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- 2017 Benefit Remarks
2017 Benefit Remarks
Remarks from the 2017 Benefit by Archives of American Art Medal Recipient Glenn Ligon
I want to thank you, Kate, and the Board of the Archives of American Art for this honor. I’m proud to join the ranks of artists such as Catherine Opie, Robert Gober, Claes Oldenburg, James Turrell, Cindy Sherman, and Sheila Hicks, who’ve all been honored on this stage and who have all had a commitment to promoting broad access to the arts and to the preservation of artistic legacies. And I’m thrilled to be celebrated here tonight with the two other honorees.
Byron, I had something to say, and it’s silly now, but of course I love you and thank you for doing this. And Byron’s right. See, I thought we met 35 years ago at this law firm. He worked on the night shift and I worked on the early morning shift, and I didn’t know Byron was an artist. I just knew he was the proofreader that finished their work before the morning shifts start. I loved Byron for that, but I realize now that also Byron was kind of there at the beginning. He was kind of modeling for me what it means to be an artist, and to take oneself seriously as an artist. And also, he was there at the beginning, at the moment when I was just thinking that maybe, someday, perhaps, if I stopped proofreading 60 hours a week, I could be an artist. So, thank you, for being there at that moment. That was totally crucial for me.
Two brief stories about the Archives:
In 2016, Princeton Architectural Press published a book entitled Pen to Paper: Artists’ Handwritten Letters from the Smithsonian’s Archives of American Art. The book reproduced handwritten letters by artists such as Mary Cassatt, Howard Finster, Winslow Homer, Ray Johnson, Georgia O’Keefe, and Saul Steinberg, along with short commentaries by artists, art historians, poets, and the like. For Pen to Paper, I was asked to write about the text, the letters between Beauford Delaney and Lawrence Calcagano, two painters who met in Paris in the 1950s, and who maintained a lively correspondence for the rest of their lives. I first became aware of Delaney’s light-filled abstractions and portraits of friends such as James Baldwin, Marion Anderson, Jean Genet, and Henry Miller at a major retrospective organized by the Studio Museum in Harlem in 1978, the year before Delaney died. As a young artist, Delaney’s work became more important to me than ever, and remains a touchstone for my practice. Fast forward forty years from the Studio Museum Show, and a Delaney work, Composition 16, is now hanging in the permanent collection of the galleries of the Museum of Modern Art next to paintings of his peers, such as Willem de Kooning, Franz Klein, Jackson Pollock, Helen Frankenthaler, and Norman Lewis. Composition 16 was acquired by MOMA in 2012, and I was asked to write a brief text about it for a forthcoming book the museum is publishing entitled Among Others: Blackness at MOMA.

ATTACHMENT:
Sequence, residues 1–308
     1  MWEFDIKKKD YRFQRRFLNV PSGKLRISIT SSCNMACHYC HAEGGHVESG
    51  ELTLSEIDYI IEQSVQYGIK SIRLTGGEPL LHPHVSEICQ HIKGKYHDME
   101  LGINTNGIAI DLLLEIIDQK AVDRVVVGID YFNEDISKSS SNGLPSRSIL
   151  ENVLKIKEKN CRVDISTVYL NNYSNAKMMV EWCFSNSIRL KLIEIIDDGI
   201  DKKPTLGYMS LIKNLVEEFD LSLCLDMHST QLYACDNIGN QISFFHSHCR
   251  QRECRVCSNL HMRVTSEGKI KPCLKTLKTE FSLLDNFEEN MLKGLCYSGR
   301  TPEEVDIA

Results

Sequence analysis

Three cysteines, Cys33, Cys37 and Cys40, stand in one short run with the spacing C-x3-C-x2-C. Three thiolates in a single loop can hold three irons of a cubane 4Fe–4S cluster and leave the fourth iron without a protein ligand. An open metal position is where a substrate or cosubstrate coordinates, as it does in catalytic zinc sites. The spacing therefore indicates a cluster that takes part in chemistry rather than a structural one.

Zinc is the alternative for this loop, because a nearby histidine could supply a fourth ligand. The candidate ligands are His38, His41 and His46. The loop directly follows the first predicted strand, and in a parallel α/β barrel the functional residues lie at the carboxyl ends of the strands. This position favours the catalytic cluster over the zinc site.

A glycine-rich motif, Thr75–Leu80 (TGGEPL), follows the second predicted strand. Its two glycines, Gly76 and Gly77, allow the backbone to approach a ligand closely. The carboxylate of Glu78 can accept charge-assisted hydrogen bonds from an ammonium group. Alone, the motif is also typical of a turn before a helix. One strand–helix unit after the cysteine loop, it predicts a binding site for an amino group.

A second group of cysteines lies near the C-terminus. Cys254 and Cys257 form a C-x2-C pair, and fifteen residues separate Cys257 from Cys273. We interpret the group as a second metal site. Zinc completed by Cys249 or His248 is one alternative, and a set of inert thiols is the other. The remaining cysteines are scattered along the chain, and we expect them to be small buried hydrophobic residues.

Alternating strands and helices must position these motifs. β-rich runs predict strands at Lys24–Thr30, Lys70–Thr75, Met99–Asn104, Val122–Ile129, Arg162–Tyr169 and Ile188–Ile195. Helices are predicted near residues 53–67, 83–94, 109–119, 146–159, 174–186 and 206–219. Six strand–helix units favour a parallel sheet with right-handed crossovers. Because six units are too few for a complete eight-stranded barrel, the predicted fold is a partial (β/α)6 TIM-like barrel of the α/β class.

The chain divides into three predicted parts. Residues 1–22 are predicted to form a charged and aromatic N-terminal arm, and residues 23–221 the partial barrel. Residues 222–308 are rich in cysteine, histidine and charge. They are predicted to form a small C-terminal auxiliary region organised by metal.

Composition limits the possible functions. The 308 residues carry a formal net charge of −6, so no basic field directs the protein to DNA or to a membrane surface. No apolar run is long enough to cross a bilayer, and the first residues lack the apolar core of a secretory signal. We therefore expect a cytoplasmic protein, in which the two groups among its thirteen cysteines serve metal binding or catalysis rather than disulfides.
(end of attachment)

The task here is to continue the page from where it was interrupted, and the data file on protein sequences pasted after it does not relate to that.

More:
Now before we raise our hands high in celebration of this current visibility of this important artist, let’s remember that, as late as 2009, Delaney was buried in an unmarked grave in a cemetery near Paris. In 1998, a very positive review of David Leeming’s biography of the artist in The New York Times had the tagline, “Black painter Beauford Delany was brilliant, and maybe crazy,” and a 2016 article was titled, “Beauford Delaney Returns to the Scene.” Delaney was black, gay, poor, had no children, and left no will—circumstances that generally don’t secure one’s artistic legacy. James Baldwin, his lifelong friend and supporter, once wrote, “The darkness of Beauford’s beginnings in Tennessee many years ago was a black, blue midnight indeed, opaque and full of sorrow and I do not know, nor will any of us really ever know, what kind of strength it was that enabled him to make so dogged and splendid a journey.” It was Baldwin who helped sustain Beauford’s legacy, along with the Studio Museum, which published an important catalog on his work, and Lawrence Calcagano, who loved Beauford, saved his letters, and left them to the Archives of American Art, to be discovered by me all these many years later. A present, sent to the future, from the past.